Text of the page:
Remains of Stnpas.
Ruins in SE. portion of interior.
A Muhammadan relic.
Sand- buried Sarai.
444 THE ETSIN-GOL DELTA AND THE RUINS OF KHARA-KHOTO [Chap. XIII
sanas, &c. But the debris filling the corners by the side of the main image base, perhaps that of a seated Buddha, had protected some relics of interest. From the southern corner were recovered some fifteen Pôthi leaves inscribed with written or block-printed Hsi-hsia text, besides numerous small fragments ; several leaves in Chinese print or writing, also in Tibetan, besides a block-print with small Buddha figures, &c. In the northern corner I found the small well-preserved canvas painting, K.K. i. ii. oi (PI. LXXVII), showing a seated Buddha carefully drawn and painted in a style suggesting Tibetan influence. The piece had evidently belonged to the border of a larger composition and been cut out on purpose, probably to serve as a votive offering. There could be little doubt that the leaves of manuscripts and block prints found attached together in the other corner had been originally deposited for the same purpose.
About 7o yards to the south of K.K. i. ii a row of three small Stapas stood between two badly ruined shrines. The Stùpas had all been broken open, and the shrines showed signs of having been burnt. But in the scanty debris of the one to the west, K.K. i. vii, we found two wooden tablets inscribed with large Chinese characters. Of the structures, probably shrines, that once probably occupied the top of two clay-built terraces farther south it was impossible to trace even the outlines.
The south-eastern portion of the interior appeared to have been occupied mainly by Sarais and the like. Two massive enclosures, whose walls of stamped clay were in one case over 20, in the other over io feet thick, were found empty even of refuse. Close to the east of the second of these there could be traced, partly covered by heavy accumulations of drift-sand, a large quadrangle about So yards square. There were signs that it had been intended originally to enclose it with thick walls of clay. But of this enclosure only the northern face, 20 feet thick, was actually found, while on the other sides only remains of much thinner brick walls survived. Into the western end of the massive clay wall a small room, K.K. i. viii, had been carved, evidently as a shelter.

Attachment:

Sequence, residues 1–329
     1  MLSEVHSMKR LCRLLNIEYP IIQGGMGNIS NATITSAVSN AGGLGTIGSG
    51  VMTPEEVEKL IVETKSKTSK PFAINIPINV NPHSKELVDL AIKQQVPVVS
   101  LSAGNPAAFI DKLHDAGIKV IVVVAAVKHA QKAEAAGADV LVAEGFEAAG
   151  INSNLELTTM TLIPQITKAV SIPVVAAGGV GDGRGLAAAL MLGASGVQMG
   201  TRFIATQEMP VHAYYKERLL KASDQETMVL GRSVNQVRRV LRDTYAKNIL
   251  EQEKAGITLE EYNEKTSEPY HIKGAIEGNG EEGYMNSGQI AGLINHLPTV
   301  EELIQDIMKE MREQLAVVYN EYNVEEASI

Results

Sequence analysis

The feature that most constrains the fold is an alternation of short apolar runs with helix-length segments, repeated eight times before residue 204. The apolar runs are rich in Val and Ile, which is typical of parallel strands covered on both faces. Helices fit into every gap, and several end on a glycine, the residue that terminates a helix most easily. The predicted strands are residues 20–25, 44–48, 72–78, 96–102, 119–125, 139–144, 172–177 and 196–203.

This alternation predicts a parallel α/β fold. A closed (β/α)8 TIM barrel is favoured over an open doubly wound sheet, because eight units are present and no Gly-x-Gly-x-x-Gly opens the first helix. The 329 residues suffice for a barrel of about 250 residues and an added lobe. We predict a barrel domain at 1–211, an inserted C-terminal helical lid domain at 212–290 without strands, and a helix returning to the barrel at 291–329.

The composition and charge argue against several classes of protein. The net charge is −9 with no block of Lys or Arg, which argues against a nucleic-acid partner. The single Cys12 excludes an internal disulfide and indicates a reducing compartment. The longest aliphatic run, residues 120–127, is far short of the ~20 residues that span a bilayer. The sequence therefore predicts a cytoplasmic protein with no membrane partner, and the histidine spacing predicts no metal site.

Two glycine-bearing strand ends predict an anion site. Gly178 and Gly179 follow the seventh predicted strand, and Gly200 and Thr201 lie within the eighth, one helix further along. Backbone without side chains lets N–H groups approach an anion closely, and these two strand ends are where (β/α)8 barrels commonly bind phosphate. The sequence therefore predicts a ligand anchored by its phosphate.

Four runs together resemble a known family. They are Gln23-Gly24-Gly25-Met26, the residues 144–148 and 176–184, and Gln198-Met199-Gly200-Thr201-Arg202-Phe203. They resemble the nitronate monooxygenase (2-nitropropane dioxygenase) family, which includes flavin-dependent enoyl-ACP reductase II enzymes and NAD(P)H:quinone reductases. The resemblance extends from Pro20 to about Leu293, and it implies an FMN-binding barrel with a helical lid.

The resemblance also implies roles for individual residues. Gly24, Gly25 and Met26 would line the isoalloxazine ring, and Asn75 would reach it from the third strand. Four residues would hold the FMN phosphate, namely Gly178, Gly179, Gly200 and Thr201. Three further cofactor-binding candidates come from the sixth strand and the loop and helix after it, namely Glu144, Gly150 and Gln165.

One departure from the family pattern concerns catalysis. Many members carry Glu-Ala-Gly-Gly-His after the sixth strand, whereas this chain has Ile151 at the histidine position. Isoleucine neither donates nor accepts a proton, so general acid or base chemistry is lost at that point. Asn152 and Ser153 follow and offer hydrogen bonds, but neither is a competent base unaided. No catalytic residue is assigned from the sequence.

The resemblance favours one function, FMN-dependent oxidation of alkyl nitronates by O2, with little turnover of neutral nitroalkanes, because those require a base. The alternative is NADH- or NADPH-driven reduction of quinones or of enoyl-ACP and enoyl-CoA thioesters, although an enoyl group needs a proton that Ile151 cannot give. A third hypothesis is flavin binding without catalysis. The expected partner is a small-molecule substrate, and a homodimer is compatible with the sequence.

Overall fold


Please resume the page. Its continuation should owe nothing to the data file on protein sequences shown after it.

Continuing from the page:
On clearing away the sand and clay debris that partially filled it, we found a well-preserved Chinese paper document ; and a leaf, K.K. viii. 02. a (Pl. CXXXVII), from a Persian manuscript in fairly perfect condition. According to the information kindly furnished by the Department of Oriental Books and MSS. in the British Museum, it treats of the proper times for offering various Moslem prayers and probably dates from the early fourteenth century.
The find of the Persian MS. leaf was of special interest as a confirmation of what we knew from other sources of the early spread eastwards of Muhammadanism ; it had already been carried from Central Asia into China by trade relations as well as by religious zeal, before the Mongol conquests brought China into direct connexion with Muhammadan countries of inner and western Asia. The Muhammadan domed tomb outside the south-western corner, which I shall presently describe, had previously convinced me that Khara-khoto, in the days when its Buddhist shrines were still being visited by the pious, also received IVluhammadans within its walls.
[Here, too, were found the much-decayed pieces, K.K. i. viii. oi. a-d, of what Dr. Laufer has recognized as a paper-note dated in the Nien-hao Chung-Cung (A. D. 1260-4), the first regnal period of the Mongol dynasty. Dr. Laufer believes ` this may lay claim to be the oldest paper-note now in existence '.]
Adjoining the clay wall on the southern side, brick walls appeared above the sand, indicating the position of rooms. The sand lay to a height of 6 to 7 feet in the room nearest to K.K. i. viii and rose still higher farther east. So when the clearing of that room revealed only straw and horse-dung, I did not proceed farther with a task for which my little band of lazy Mongol diggers was utterly inadequate. Yet who knows what other relics of mediaeval wayfarers may be concealed in this ruined Sarai, where the drift-sand heaped against the town wall behind it has protected its ruins ?